Aloe Vera's Antifungal Properties
The many positive health benefits of Aloe Vera have been a subject of study for years. Aloe Vera is used as an active ingredient in sunscreens, burn ointments, balms, lotions and numerous cosmetics. The ample amount of amino acids, enzymes, and other active compounds found in the plant’s gel make it a natural antiseptic, astringent, and an overall wellness aid. Application of Aloe Vera can speed the healing time of types of burns, cuts, rashes, scrapes, and lesions, and even benefit other conditions such as digestion.
The Research Behind Aloe Vera as an Antinfungal
With all the health benefits that Aloe Vera provides, it is somewhat surprising that, until recently, as a subject of study, Aloe Vera’s antifungal properties were overlooked. Research was first conducted in 2004 at the University of Mexico. There, scientists studied the effects of Aloe gel when applied to three different fungi. In each case, the gel inhibited the fungi’s ability to spread substantially.
This was the first time Aloe Vera antifungal properties were officially studied. With the promising results, within the decade, more studies were undertaken. In one, researchers had isolated a protein within the Aloe Vera gel - 14kDa - that actually performed as an antifungal agent. Tested on several strains of Candida, 14kDa clearly showed potent suppressive activity on the fungi. The researchers recommended utilizing the protein as a basis for the development of further medicinal products.
Why Are Antifungals Important?
That Aloe Vera was shown to be an effective, natural antifungal agent was welcome news in combating fungal infections. Certain species of fungi have long been recognized as harmful to human health. We are all exposed to fungi. It is a very common organism, with millions of species throughout the world, whether single-celled or multicellular, fungi thrives. They live on plants and animals, in the air, in water and in soil. They even live on and in humans. Molds, mildew, yeasts, and mushrooms are all types of fungi and the overwhelming majority of them are harmless. Some are even beneficial. There are many groups of organisms that rely on types of fungi for their survival. In efforts to control various human diseases, fungi has been and is used to develop antibiotics and antitoxins.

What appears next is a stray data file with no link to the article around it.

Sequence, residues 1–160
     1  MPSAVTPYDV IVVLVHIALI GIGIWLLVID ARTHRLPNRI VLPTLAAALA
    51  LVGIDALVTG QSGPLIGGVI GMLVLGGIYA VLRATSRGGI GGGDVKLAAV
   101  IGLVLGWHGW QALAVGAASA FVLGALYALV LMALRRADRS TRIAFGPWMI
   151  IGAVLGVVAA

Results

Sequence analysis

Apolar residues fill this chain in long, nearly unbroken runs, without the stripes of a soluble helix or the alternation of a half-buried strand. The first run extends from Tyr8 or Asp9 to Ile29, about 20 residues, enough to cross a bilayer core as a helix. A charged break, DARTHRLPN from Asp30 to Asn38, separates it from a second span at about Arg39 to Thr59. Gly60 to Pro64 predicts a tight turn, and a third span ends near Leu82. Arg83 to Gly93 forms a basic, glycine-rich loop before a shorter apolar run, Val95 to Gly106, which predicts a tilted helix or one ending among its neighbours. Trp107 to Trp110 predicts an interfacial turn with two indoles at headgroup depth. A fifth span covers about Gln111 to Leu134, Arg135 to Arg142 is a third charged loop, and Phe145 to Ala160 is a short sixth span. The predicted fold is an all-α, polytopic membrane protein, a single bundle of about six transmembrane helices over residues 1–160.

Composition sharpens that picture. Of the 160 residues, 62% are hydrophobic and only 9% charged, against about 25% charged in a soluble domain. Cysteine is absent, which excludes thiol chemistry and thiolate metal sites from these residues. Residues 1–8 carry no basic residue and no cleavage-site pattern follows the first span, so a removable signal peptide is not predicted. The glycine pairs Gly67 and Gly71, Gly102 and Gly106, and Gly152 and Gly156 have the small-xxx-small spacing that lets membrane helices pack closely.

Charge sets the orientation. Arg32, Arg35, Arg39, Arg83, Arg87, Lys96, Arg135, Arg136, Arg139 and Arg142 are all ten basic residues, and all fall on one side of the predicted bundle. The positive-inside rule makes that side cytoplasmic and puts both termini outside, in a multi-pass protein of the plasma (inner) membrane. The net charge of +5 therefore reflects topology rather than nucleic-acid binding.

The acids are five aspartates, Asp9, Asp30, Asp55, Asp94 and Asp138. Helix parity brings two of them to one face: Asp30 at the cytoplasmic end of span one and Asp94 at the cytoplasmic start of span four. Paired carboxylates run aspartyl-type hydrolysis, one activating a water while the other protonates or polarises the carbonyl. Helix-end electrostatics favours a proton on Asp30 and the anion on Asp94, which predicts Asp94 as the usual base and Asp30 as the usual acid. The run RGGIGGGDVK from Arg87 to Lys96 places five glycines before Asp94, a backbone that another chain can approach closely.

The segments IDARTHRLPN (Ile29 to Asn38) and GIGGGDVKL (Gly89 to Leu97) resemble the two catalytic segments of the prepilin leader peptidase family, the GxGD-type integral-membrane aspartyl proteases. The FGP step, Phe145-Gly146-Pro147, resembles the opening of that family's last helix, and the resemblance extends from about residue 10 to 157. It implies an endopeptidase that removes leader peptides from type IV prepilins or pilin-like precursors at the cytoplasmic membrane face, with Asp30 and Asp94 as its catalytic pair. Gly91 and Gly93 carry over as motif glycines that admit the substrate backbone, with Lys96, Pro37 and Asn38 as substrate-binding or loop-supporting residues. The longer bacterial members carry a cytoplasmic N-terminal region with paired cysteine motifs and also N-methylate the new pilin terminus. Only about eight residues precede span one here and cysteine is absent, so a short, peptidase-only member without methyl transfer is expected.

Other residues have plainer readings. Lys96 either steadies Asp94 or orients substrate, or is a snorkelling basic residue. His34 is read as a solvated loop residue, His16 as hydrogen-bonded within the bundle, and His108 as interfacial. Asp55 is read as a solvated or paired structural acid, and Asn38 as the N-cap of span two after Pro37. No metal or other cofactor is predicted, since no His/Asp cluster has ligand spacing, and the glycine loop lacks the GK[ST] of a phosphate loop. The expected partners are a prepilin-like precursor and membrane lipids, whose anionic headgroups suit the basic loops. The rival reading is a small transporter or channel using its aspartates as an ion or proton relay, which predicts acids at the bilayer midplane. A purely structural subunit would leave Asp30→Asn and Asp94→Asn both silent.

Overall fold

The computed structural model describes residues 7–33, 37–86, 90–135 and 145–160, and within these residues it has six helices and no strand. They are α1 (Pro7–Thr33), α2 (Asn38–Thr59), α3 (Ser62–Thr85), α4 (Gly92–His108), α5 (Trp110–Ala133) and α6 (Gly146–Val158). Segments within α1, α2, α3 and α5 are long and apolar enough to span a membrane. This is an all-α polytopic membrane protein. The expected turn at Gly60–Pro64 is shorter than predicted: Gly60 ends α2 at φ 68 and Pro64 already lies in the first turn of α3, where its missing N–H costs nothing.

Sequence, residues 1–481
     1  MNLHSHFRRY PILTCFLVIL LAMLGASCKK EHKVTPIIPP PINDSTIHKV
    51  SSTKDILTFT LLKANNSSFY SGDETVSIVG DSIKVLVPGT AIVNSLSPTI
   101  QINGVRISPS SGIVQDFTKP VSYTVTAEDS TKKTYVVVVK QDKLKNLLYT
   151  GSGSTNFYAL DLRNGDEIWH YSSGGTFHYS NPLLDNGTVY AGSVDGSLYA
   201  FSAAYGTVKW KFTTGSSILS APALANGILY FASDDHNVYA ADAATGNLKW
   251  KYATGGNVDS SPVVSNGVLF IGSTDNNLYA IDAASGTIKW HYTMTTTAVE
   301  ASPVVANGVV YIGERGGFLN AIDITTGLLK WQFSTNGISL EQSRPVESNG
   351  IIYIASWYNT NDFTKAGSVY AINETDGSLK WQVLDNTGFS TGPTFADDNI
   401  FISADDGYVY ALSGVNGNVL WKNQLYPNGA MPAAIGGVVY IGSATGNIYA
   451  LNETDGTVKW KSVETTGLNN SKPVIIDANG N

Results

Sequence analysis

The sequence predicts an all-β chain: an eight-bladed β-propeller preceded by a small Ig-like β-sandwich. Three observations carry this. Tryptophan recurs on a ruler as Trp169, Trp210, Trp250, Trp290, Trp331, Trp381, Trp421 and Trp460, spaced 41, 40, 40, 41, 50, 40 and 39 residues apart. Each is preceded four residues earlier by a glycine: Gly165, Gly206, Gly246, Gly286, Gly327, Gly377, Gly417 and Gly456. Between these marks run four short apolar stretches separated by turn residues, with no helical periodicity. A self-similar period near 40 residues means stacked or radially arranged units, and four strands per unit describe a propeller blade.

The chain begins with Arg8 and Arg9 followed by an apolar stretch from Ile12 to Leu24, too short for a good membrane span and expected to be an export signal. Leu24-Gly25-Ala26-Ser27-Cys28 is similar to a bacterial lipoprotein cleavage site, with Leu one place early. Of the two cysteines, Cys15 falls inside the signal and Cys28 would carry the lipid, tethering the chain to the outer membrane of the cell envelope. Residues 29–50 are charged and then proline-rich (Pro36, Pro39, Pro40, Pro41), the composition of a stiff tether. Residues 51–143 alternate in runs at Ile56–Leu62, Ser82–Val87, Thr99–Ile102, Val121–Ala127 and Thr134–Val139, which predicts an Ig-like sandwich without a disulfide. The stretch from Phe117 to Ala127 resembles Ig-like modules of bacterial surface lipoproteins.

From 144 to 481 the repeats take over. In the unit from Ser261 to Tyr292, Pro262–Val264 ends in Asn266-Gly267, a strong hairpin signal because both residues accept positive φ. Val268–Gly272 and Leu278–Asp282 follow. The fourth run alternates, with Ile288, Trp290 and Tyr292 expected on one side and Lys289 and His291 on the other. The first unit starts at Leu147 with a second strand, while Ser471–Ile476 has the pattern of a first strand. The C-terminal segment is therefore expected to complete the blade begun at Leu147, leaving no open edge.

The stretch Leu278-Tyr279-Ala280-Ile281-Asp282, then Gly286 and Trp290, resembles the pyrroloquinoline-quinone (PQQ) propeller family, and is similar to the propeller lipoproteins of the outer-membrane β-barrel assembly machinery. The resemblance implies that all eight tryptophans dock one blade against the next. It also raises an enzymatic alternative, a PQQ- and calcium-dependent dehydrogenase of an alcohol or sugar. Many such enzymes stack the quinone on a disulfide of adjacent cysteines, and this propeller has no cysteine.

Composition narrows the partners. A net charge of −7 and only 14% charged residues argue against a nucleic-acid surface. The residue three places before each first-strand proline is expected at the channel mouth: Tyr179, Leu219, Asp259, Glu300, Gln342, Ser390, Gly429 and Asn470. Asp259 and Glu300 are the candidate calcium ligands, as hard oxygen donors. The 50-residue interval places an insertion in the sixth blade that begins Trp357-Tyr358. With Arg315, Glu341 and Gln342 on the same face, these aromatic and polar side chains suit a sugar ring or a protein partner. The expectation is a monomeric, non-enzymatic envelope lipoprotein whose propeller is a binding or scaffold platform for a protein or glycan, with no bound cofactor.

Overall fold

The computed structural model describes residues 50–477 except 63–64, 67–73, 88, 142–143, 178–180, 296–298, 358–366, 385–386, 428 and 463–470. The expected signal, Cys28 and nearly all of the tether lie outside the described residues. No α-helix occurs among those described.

But there are also a few hundred fungi species that can affect your health—adversely—true predatory pathogens that lead to infections in healthy people or be opportunistic with persons whose immune systems have been weakened or run down. Certain species of fungi can cause many different types of health issues. If you have ever suffered from athlete's foot, jock itch, or a yeast infection, it’s due to a fungus. The attack can occur suddenly. Some species of fungi can reproduce in the air—tiny spores that are inhaled or land on skin. It is no wonder then that fungal infections commonly start in the respiratory system or on the skin, resulting in asthma, allergies, yeast infections, rashes, lung infections (pneumonia), and even bloodstream infections and meningitis.
Aloe Vera Antifungal Uses
Aloe Vera offers a natural way to treat stubborn and persistent fungal infections. When applied, it can relieve the pain and itching associated with athlete's foot and jock itch. Fungal-related dandruff can also be treated with Aloe gel, with applications thirty minutes before shampooing. Unlike some over-the-counter antifungal sprays or creams, there are no known side effects or reactions from Aloe Vera. The gel inhibits fungal growth and the plant’s generous amount of nutrients and vitamins are easily absorbed by the body.
Studies support Aloe Vera antifungal properties, adding to a long list of well-documented benefits. Aloe Vera naturally suppresses fungal growth and can help to bring relief to certain skin conditions. With its many beneficial health-related properties Aloe Vera is one of the leading effective botanicals with a wide range of applications.
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